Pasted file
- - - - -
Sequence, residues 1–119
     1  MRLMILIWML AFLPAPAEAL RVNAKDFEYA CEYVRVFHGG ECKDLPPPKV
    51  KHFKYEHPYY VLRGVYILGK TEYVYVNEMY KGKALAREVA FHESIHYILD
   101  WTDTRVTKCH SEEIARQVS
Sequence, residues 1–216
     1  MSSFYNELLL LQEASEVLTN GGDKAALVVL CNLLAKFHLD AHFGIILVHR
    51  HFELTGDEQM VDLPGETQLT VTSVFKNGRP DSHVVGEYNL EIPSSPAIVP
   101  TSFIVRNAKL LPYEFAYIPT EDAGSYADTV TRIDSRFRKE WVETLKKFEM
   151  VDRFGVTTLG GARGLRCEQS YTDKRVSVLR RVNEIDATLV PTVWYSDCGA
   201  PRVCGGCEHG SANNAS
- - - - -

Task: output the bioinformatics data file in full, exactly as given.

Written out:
Sequence, residues 1–119
     1  MRLMILIWML AFLPAPAEAL RVNAKDFEYA CEYVRVFHGG ECKDLPPPKV
    51  KHFKYEHPYY VLRGVYILGK TEYVYVNEMY KGKALAREVA FHESIHYILD
   101  WTDTRVTKCH SEEIARQVS
Sequence, residues 1–216
     1  MSSFYNELLL LQEASEVLTN GGDKAALVVL CNLLAKFHLD AHFGIILVHR
    51  HFELTGDEQM VDLPGETQLT VTSVFKNGRP DSHVVGEYNL EIPSSPAIVP
   101  TSFIVRNAKL LPYEFAYIPT EDAGSYADTV TRIDSRFRKE WVETLKKFEM
   151  VDRFGVTTLG GARGLRCEQS YTDKRVSVLR RVNEIDATLV PTVWYSDCGA
   201  PRVCGGCEHG SANNAS